Naturally, few Pakistanis care for Musharraf’s explanations – especially the tribal chiefs in the mountain provinces who are reportedly more sympathetic to the foreign holy warriors they protect than to Musharraf’s Army (searching to destroy them) who many Pakistani tribesmen regard as little more than hired mercenaries doing America’s dirty work.

Given his travails, therefore, one can understand why Musharraf seems so nonplussed and indignant when he hears American officials questioning his commitment to the global war on terrorism. Indeed, Bush would advance his war strategy far more effectively if he were to increase financial aid to Pakistan to help Musharraf redress the economic and social conditions that breed alienated and disaffected Islamic extremists; instead of pouring billions of dollars into Halliburton’s reconstruction money pit in Iraq.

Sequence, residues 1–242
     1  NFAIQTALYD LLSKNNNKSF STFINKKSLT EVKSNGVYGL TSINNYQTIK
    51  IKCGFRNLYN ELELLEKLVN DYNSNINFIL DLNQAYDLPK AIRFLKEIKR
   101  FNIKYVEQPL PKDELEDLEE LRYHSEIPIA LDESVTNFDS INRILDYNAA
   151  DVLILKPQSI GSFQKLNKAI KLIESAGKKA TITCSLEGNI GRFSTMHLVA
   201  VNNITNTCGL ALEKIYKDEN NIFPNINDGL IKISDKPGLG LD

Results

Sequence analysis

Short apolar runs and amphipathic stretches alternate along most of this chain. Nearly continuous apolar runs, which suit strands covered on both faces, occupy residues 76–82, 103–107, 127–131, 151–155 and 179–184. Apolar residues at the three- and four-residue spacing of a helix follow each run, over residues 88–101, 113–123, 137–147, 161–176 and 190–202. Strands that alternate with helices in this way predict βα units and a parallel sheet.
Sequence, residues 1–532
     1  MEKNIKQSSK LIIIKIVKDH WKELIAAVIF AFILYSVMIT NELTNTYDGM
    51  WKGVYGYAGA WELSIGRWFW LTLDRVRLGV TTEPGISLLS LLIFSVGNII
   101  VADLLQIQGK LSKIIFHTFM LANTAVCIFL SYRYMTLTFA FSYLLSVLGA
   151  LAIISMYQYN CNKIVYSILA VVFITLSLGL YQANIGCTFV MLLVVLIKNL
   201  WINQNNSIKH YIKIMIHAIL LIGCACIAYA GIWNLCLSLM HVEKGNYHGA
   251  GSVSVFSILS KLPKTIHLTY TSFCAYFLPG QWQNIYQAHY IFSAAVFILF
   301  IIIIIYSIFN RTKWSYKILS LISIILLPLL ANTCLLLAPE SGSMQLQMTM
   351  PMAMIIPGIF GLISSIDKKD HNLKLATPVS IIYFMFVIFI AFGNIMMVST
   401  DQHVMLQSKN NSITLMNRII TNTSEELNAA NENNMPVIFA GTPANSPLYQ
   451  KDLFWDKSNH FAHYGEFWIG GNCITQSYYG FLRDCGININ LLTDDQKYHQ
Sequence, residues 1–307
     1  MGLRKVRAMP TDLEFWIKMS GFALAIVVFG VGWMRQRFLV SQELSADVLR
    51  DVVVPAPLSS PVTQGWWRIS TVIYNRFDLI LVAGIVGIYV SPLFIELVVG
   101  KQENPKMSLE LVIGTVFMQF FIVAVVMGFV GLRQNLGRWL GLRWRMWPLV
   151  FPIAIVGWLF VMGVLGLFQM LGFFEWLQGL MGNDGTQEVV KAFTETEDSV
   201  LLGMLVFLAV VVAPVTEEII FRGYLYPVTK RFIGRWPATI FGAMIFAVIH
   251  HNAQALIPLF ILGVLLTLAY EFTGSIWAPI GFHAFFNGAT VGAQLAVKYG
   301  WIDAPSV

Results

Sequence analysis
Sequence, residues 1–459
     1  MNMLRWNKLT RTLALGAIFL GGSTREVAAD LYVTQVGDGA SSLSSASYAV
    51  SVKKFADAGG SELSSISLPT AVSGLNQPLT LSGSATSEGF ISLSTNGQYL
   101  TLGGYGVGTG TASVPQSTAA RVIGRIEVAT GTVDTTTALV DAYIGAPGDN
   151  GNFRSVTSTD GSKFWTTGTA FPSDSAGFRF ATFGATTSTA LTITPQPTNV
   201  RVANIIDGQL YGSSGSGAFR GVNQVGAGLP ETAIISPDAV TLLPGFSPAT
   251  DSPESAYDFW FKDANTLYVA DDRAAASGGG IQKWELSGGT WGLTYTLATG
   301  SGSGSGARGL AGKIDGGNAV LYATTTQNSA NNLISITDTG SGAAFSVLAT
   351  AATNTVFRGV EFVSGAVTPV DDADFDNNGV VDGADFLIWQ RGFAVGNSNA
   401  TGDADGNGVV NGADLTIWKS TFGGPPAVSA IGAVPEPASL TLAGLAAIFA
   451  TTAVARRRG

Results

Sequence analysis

Moreover, he should limit U.S. military aid to hardware specifically geared towards fighting al-Qaeda and Taliban forces (like helicopters and communications equipment) and suspend, indefinitely, any sale of jet fighters (nuclear-capable F-16s) that are impractical for this purpose and would only fuel the arms race with India, which neither Pakistan nor India can afford.

Nevermind them Pervez, this Danedar Chai’s for you!

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  1. Anonymous February 7, 2006 at 1:36 pm

    I agree with you that president Musharraf deserves more credit for his efforts. You are absolutely right in raising questions about the military equipment Musharaf claims he needs to fight terrorists. And you are right to caution BUsh against granting this request because it really would destablise relations with India.